Students will learn how wool is processed to make knitted garments.
How do we make wool? Why do farmers raise sheep?
Cards or props that represent the processing steps from grass to butter (see step #2) Toy sheep or puppet
Scissors to represent sheep shears
Bag of raw fleece
Dog grooming brushes or wool carders Sample of carded wool
Skein or ball of white yarn
Enamel pot with package of dye or natural dye recipe Skein of colored yarn
Knitted wool sweater
- Groupings: Groups of nine or more students
- Explain to the students that on farms long ago there were usually several different animals. Each animal provided the farmer and his or her family with important products they could use for food and fiber. Ask the student to name some farm animals and the products they give to farm families.
- Point out that sometimes a product could be used directly, as in the case of milk or eggs to eat. Other times they would process the initial farm products – using tools, methods or recipes involving other ingredients – to make other needed products. For example, milk can be turned into butter, ice cream, sour cream or other dairy foods. Show the students a few of the cards or props that represent the steps in the sequence from grass to butter. Ask them to put these in order. (Grass, milking bucket, milk, butter churn, butter.)Challenge the students to put another common processing technique in the proper sequence. Explain that it involves another farm animal and was done in homes in the United States until the late 1800’s (and is still done in homes in other parts of the world today). The whole family was involved in the process. Explain that you will pass out objects that represent the various steps in the process. Some people will be given the animal or some of the products (or a representation), and others will be given the tools to change the original product from one form into another. Refer to the original example of cow to butter if necessary.
(The sequence has eleven steps in it. You can adjust the number of students in each group to match class size by deleting optional steps or adding completely unrelated props. Be sure to tell students if unrelated props are included.)
- If you feel your students are up for an added challenge, tell them they will not be able to talk during the sequencing. Give them time to brainstorm other ways to communicate the sequence order without talking.
- Pass out the objects in random order. Ask them to look closely at their object. If they have a tool, tell to look for clues to its function. If they have a product, ask them to compare it with the others to see how it has changed. Allow time for students to compare items and determine the sequence order. If necessary, tell them that the alternation of tools and products is another clue to the sequence order.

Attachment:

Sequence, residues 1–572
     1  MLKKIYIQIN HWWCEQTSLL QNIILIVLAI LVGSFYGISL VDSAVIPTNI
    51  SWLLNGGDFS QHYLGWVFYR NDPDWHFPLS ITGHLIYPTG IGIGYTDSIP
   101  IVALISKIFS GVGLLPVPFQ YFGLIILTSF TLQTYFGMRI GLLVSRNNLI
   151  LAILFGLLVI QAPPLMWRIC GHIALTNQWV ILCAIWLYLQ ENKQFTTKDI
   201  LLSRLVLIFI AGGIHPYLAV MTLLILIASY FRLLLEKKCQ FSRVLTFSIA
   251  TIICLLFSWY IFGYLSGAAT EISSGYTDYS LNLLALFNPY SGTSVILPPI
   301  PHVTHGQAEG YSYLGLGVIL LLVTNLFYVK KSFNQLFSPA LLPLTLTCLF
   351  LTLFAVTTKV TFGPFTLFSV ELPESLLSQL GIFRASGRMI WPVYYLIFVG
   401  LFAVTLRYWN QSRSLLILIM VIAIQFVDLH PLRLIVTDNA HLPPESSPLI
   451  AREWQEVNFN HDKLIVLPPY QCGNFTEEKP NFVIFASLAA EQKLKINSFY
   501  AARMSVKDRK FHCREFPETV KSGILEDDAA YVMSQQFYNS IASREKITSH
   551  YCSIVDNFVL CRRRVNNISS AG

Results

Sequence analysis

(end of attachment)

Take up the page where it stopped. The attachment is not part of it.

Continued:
- As a class, review the steps in the process. Starting at the beginning, let each student identify the object he or she is holding and discuss how it was used or made. The process begins with the sheep (toy sheep or puppet). Special breeds were raised for their wool. The wool is sheared off the sheep with shears (scissors). The fleece (small piece of raw wool) is thick, tangled and smells of lanolin. This lanolin feels greasy and acts as a waterproof protection. The fleece is picked clean of sticks, twigs and bits of plant material and then untangled or carded using carders (dog grooming brushes). The untangled wool is called rolags or rolls (sample of carded wool). These rolls are twisted using a drop spindle. This forms yarn that is wound onto bobbins or into skeins (ball or skein of white yarn). When different colors of yarn were desired, the skeins were placed in a dye bath (pot with dye packet). The skein absorbed the dye, and the color was set in the yarn (colored skein of yarn). The colored yarn was then knitted into pieces with knitting needles. These pieces were sewn together to make a sweater.
- Have the students try their hand at carding and spinning wool. Find an experienced parent
to help you or contact your local craft shops or sheep farmer’s extension office to learn of a
- Have the students check the tags in each other’s clothing to see what they are made of.
Make a list of the materials and classify them into natural and synthetic products. Research
where each comes from and how they are processed.
- Have the students research other fibers that are spun into yarn.
- Explain to your class that knitting is just one way wool yarn is processed to make
clothing. Woolen coats and blankets are woven on looms. Have the students make their own simple looms by notching two opposite ends of a 5”x5” piece of cardboard. Have them wind a piece of yarn between the notches to create a series of parallel strands and tie it off at the back. Then, using other pieces of yarn, have them weave over and under the alternating strands of yarn on the loom from one side to the other to create a piece of woven fabric.